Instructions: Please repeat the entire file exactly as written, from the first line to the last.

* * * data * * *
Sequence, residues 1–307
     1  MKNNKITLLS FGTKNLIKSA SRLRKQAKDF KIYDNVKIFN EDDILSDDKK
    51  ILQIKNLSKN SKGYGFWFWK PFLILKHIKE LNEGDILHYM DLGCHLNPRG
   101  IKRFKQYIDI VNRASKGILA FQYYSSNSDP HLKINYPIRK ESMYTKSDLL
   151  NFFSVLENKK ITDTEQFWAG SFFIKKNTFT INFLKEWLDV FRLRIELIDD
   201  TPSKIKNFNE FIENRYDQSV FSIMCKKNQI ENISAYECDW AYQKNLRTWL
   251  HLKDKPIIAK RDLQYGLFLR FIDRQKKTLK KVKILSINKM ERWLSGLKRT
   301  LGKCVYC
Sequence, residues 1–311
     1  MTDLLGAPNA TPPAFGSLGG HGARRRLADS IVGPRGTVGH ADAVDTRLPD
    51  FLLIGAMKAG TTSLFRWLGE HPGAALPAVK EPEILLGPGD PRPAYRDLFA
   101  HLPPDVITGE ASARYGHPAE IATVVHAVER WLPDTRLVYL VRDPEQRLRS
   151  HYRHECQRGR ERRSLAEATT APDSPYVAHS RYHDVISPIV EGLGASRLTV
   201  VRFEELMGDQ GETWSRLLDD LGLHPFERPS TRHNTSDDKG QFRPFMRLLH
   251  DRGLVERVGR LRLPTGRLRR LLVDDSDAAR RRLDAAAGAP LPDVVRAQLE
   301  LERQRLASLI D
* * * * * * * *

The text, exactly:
Sequence, residues 1–307
     1  MKNNKITLLS FGTKNLIKSA SRLRKQAKDF KIYDNVKIFN EDDILSDDKK
    51  ILQIKNLSKN SKGYGFWFWK PFLILKHIKE LNEGDILHYM DLGCHLNPRG
   101  IKRFKQYIDI VNRASKGILA FQYYSSNSDP HLKINYPIRK ESMYTKSDLL
   151  NFFSVLENKK ITDTEQFWAG SFFIKKNTFT INFLKEWLDV FRLRIELIDD
   201  TPSKIKNFNE FIENRYDQSV FSIMCKKNQI ENISAYECDW AYQKNLRTWL
   251  HLKDKPIIAK RDLQYGLFLR FIDRQKKTLK KVKILSINKM ERWLSGLKRT
   301  LGKCVYC
Sequence, residues 1–311
     1  MTDLLGAPNA TPPAFGSLGG HGARRRLADS IVGPRGTVGH ADAVDTRLPD
    51  FLLIGAMKAG TTSLFRWLGE HPGAALPAVK EPEILLGPGD PRPAYRDLFA
   101  HLPPDVITGE ASARYGHPAE IATVVHAVER WLPDTRLVYL VRDPEQRLRS
   151  HYRHECQRGR ERRSLAEATT APDSPYVAHS RYHDVISPIV EGLGASRLTV
   201  VRFEELMGDQ GETWSRLLDD LGLHPFERPS TRHNTSDDKG QFRPFMRLLH
   251  DRGLVERVGR LRLPTGRLRR LLVDDSDAAR RRLDAAAGAP LPDVVRAQLE
   301  LERQRLASLI D